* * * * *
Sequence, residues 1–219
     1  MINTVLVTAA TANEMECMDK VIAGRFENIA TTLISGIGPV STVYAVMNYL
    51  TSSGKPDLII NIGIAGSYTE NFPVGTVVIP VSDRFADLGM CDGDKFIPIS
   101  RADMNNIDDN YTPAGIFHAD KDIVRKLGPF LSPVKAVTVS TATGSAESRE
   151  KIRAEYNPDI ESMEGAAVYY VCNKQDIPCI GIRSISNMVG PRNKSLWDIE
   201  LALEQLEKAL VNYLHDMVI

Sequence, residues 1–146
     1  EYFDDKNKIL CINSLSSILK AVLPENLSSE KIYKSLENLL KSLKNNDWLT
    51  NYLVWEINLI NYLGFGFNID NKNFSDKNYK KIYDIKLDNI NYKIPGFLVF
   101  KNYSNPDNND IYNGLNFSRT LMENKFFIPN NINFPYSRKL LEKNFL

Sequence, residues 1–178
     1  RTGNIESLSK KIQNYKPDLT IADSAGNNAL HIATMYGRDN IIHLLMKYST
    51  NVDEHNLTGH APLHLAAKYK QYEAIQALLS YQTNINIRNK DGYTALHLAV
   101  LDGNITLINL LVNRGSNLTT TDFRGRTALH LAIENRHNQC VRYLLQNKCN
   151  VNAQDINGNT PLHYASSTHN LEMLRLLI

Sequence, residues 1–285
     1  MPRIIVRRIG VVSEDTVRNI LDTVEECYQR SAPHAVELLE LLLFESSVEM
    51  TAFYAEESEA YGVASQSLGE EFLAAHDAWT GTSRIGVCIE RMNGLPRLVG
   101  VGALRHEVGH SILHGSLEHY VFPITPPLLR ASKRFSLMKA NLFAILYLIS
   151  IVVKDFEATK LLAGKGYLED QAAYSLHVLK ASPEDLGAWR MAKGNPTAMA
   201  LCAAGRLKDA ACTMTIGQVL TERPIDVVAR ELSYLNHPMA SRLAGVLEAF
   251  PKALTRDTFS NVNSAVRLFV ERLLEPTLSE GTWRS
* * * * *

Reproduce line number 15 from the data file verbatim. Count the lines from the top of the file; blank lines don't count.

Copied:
   151  VNAQDINGNT PLHYASSTHN LEMLRLLI